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Authors: Terri's Family:,Robert Schindler

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A Life That Matters

BOOK: A Life That Matters

Copyright © 2006 by Mary Schindler, Robert Schindler, Bobby Schindler and Suzanne Schindler Vitadamo

All rights reserved.

Scripture taken from the NEW AMERICAN STANDARD BIBLE®, Copyright © 1960, 1962, 1963, 1968, 1971, 1972, 1973, 1975, 1977, 1995 by The Lockman Foundation. Used by permission.

Warner Books

Hachette Book Group,

237 Park Avenue,

New York, NY 10017

Visit our Web site at

First eBook Edition: March 2006

ISBN: 978-0-446-55519-7

The Warner Books name and logo are trademarks of Hachette Book Group, Inc.




March 30–31, 2005

Chapter 1: The Collapse

Chapter 2: The Hospital

Chapter 3: Terri

Chapter 4: Terri and Michael

Chapter 5: Early Days

Chapter 6: Medical Malpractice

Chapter 7: Sabal Palms

Chapter 8: Permission Granted

Chapter 9: The Fight for Terri’s Life

Chapter 10: Appeals

Chapter 11: Reprieve

Chapter 12: Reality Returns

Chapter 13: The Doctors’ Trial

Chapter 14: Frustrations

Chapter 15: Hospice and Hospital

Chapter 16: Groundswell

Chapter 17: Another Reprieve

Chapter 18: Aftermath

Chapter 19: Dark Doings

Chapter 20: The Pope on Our Side

Chapter 21: Desperate Maneuvers

Chapter 22: Grieving

Chapter 23: Autopsy

Chapter 24: Terri’s Legacy

Epilogue: A Lesson for Us All

Appendix A: The Terri Schindler Schiavo Foundation

Appendix B: The Affidavits

To our beloved Terri,

And to all with disabilities, wounded in body or spirit,

May God always be your never-ceasing fountain

Of strength, consolation, and joy.

May you be seen as our society’s greatest treasures.


With special thanks to Richard Marek, who, with patience and enthusiasm, helped us mold our painful memories into a cohesive narrative; to our agents Joni Evans and Mel Berger; to Michael and Alexandra for their endless support and special love; to Mike and C.B. for all their help during such a difficult time; to David Gibbs, Pat Anderson and Joe Magri and all of the attorneys who represented us passionately and selflessly in the legal battle; to Monsignor Thaddeus Malanowski and all the clergy, who provided spiritual support when we needed it most; to the many politicians for showing great courage; to the Disability Groups and all the organizations that stood with us; and to the millions of people who supported and loved Terri as she fought for her life.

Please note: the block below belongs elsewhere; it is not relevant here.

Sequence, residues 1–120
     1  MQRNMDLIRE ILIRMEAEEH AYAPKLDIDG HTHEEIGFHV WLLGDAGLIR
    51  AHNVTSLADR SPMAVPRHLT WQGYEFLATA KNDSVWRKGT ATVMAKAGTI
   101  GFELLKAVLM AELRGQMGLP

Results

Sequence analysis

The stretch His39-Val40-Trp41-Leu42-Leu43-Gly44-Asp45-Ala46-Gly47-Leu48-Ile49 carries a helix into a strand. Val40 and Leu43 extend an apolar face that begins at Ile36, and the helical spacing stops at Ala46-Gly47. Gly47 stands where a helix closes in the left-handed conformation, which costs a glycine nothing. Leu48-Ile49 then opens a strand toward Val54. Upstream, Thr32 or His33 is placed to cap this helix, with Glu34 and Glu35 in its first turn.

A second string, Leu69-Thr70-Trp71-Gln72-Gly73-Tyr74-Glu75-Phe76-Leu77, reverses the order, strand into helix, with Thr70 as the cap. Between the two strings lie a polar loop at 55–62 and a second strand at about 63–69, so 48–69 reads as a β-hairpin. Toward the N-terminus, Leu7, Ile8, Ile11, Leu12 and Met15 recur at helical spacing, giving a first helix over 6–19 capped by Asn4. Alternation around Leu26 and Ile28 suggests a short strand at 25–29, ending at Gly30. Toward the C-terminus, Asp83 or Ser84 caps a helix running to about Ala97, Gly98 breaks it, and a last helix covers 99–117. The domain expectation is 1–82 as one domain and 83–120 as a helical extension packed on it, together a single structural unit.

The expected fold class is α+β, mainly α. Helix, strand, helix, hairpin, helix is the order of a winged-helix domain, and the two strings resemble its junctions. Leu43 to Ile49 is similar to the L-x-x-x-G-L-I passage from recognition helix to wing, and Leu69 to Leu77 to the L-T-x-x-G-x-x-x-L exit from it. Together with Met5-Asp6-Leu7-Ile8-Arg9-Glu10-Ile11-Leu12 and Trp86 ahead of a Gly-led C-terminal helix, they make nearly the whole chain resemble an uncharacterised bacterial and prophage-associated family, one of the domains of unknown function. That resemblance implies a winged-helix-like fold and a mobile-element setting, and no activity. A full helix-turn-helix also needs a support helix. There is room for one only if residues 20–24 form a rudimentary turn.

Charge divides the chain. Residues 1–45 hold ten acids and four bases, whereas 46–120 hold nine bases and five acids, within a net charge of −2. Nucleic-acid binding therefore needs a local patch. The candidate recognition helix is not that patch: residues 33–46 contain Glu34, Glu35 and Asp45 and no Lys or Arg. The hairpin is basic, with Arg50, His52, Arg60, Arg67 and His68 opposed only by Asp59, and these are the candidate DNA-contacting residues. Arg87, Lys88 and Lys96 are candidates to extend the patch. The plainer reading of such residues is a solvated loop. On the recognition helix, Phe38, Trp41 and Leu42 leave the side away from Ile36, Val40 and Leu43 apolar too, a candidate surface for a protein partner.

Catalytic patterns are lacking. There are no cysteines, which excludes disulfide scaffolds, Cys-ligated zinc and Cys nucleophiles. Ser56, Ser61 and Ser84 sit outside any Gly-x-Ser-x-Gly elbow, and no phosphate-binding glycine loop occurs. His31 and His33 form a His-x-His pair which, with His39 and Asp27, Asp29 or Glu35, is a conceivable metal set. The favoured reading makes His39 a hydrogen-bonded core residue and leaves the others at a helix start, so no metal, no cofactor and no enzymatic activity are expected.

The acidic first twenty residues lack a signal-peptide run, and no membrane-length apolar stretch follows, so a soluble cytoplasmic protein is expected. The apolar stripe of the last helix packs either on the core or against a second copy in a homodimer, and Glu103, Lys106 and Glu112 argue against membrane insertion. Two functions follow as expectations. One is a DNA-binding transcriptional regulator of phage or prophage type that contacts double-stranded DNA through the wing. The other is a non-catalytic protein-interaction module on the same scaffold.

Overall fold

We are not the people you think we are.

You know us from television, surrounded by microphones, fighting for Terri’s life, and you might easily have the misconception that we’re political people, unreasonable people, even fanatics. Instead, we’re an intensely private family who loathe the spotlight and would have given anything not to have it shine on us. The tragedy of our adored Terri made us public figures, symbols in a case that bitterly divided the country.

Our story is not the one we believe you were told, the one you saw on television and read in the newspapers. Our story—the real story—has never been told; no one, not even our closest friends, knew the struggles we went through mentally and emotionally as fifteen terrible years went by.

Yes, we sought what public tools we could—sometimes it was the politicians, sometimes the media, always the courts—so we could stand as advocates for a woman who couldn’t defend herself. What family wouldn’t? But to do so was agony, and each of us wants now to retreat into our own grief, our private prayers, our silent sorrow.

A year ago, our girl was lost to us. The outpouring of support couldn’t save her; the condolence letters, cards, and notes cannot bring her back. We lost. Terri lost. America lost. In upholding Michael Schiavo’s petition to have his wife’s life terminated, the courts ruled for death over life, and we are individually and collectively diminished by their decision.

Many people have asked us to write a book, and we’ve always said no, refusing to open ourselves up to the pain of public display all over again. But we keep thinking of Terri and how she died, and we realize we owe her this book as a way of making sure that what happened will never happen again. Millions of people wrestle with the question of what they’d do if they faced our situation. This book, born of the pain of the past, may guide them to the answer. We believe that Terri was nothing less than the victim of judicial murder. And if by revealing ourselves as we really are, and Terri as she really was, means that no one else shares Terri’s fate, then our story will be the one memorial Terri would have wanted.